Over the last couple weeks, this blog has discussed a few of the aspects of the real estate closing process that both purchasers and sellers of property alike should be familiar with. Perhaps the most important part of the closing process for the purchaser is the review and execution of the various documents associated with the loan and conveyance of the property.
Federal laws such as the Truth in Lending Act (“TILA”) and Real Estate Settlement Procedures Act (“RESPA”), require lenders and real estate agents to explain the various documentation related to the purchase of real estate prior to asking for a signature. However, it is always a good idea for the buyer/borrower to have a firm understanding of the documents associated with the purchase before going into the closing.
The following is a non-exhaustive list of documents that a purchaser/borrower will be required to review and sign as part of the closing process:
1. Truth In Lending Statement (Regulation Z). The TILA is a federal law designed to “promote the informed use of consumer credit by requiring disclosures about its terms and cost.”
Essentially, the TILA requires lenders to provide borrowers with a written disclosure, in the form of a Truth In Lending Statement, also known as Regulation Z, of the costs associated with a mortgage loan, such as the annual percentage rate (“APR”), finance charges, annual fees, and the amount of the credit line.
2. Closing Statement (HUD-1 Settlement Statement). The HUD-1 Settlement Statement is a standard form that outlines the services, and associated fees, that the lender or broker is providing/charging the purchaser/borrower. The HUD Statement contains the actual settlement costs and amounts and shows the purchaser/borrower the total amount of money that must be paid at the time of closing.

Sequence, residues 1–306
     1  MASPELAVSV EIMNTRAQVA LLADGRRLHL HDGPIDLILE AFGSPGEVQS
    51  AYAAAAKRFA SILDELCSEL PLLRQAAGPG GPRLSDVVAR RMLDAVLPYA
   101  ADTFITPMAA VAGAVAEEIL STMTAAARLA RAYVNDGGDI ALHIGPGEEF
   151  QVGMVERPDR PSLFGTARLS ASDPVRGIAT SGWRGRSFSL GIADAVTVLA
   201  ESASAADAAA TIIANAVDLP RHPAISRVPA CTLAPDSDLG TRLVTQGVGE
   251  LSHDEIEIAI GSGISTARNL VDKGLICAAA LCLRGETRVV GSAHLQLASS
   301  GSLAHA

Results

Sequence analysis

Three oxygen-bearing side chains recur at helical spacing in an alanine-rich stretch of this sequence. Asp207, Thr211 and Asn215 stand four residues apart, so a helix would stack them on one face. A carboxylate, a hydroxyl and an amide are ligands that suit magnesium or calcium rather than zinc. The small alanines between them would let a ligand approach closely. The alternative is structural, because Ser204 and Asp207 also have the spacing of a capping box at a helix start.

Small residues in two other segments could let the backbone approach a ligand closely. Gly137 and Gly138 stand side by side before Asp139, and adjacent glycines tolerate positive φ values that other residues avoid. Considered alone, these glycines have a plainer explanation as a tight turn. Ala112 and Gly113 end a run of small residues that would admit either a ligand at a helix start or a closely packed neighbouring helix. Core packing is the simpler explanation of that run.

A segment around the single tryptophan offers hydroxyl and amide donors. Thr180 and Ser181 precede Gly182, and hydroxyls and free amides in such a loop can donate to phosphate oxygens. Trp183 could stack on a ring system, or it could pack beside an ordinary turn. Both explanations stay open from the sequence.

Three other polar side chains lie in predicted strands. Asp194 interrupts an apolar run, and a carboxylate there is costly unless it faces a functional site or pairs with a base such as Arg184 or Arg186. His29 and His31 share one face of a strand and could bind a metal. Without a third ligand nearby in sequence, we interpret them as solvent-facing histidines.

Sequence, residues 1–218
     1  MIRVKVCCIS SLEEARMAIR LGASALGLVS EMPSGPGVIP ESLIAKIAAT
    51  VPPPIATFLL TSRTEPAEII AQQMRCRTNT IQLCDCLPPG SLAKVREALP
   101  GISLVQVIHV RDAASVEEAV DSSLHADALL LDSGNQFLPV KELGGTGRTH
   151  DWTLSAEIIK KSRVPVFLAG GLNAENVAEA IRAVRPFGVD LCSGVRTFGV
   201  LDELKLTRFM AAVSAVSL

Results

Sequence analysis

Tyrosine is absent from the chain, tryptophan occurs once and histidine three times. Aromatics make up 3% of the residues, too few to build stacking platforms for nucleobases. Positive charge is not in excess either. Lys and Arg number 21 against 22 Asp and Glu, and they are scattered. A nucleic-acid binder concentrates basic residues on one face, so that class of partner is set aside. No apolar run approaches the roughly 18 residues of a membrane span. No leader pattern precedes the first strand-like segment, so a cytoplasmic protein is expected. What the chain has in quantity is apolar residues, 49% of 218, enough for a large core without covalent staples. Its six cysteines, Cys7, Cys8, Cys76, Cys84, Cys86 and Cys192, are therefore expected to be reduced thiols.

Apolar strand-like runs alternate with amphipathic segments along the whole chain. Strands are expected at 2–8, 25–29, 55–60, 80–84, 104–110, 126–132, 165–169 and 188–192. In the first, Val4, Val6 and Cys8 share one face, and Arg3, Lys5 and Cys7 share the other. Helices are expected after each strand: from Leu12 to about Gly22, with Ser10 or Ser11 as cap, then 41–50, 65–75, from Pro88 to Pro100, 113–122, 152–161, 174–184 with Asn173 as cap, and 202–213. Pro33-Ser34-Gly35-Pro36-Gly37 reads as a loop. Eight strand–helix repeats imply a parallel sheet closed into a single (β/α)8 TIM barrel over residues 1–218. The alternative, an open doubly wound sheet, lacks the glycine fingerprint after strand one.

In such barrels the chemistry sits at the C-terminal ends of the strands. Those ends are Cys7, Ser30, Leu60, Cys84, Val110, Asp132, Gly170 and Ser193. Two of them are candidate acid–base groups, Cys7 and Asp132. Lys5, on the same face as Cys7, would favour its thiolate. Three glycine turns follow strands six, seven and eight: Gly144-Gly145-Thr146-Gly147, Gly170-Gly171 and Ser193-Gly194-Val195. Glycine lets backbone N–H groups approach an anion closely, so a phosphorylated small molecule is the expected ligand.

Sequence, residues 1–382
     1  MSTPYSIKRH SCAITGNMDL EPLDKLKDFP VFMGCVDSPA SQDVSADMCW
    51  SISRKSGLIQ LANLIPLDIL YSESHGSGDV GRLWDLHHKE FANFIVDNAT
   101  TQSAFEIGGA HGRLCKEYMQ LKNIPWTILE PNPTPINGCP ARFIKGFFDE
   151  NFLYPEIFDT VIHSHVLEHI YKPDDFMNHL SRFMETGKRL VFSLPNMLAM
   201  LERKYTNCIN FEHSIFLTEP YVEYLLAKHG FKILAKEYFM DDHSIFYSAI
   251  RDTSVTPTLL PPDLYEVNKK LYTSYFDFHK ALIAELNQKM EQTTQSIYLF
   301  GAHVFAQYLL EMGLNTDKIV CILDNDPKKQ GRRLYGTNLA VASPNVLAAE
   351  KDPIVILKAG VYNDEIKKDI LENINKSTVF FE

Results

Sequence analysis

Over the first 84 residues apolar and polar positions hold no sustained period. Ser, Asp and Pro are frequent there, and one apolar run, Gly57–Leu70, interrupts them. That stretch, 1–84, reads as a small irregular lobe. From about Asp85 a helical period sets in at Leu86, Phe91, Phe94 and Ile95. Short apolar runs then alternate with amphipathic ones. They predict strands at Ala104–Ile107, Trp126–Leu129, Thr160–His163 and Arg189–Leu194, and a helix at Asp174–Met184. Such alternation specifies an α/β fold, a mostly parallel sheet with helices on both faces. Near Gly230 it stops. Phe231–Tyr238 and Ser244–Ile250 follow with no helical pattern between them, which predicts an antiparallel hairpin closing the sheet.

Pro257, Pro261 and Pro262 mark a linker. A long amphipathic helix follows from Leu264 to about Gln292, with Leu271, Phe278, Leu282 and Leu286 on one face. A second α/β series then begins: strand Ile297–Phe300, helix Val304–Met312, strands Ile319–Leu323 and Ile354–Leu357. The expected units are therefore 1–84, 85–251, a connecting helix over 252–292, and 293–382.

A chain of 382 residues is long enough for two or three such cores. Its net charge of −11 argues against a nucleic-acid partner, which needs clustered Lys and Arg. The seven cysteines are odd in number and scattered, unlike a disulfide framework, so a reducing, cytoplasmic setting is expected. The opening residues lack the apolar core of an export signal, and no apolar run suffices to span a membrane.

Upon request from the purchaser/borrower, the lender must provide the HUD Statement at least one day before the closing date. It is always a good idea for a purchaser/borrower to request and review the HUD Statement in advance in case he or she has questions regarding specific services or fees included in the statement.
3. Promissory Note. The promissory note, usually referred to as the “Note,” is the document which obligates a borrower to repay a lender and outlines the terms of the repayment. The Note will contain the principal amount of the loan, interest rate, term of the loan, and the amount of each payment.
The Note will also list any special conditions such as terms of default and prepayment penalties. A note should be carefully reviewed prior to signing, as it obligates the borrower for a large amount of debt for an extended period of time.
4. Mortgage. The mortgage is an instrument that places a lien, or encumbrance, on the property in favor of the lender. This means that, should the borrower default on the payment provisions of the Note, the lender can take steps to seize and sell the property to recover the money it lent to the borrower.
5. Warranty Deed. The Warranty Deed is the document that transfers the title of property from the seller to the purchaser. The deed will include the names of the purchaser and seller, as well as the legal description of the property being transferred. In Cook County, deeds are recorded in the office of the Cook County Recorder of Deeds.
If you have questions regarding the documents involved in the purchase of real estate, or need additional information about real estate transactions,contact the experienced real estate attorneys at The Slater Firm, Ltd. today.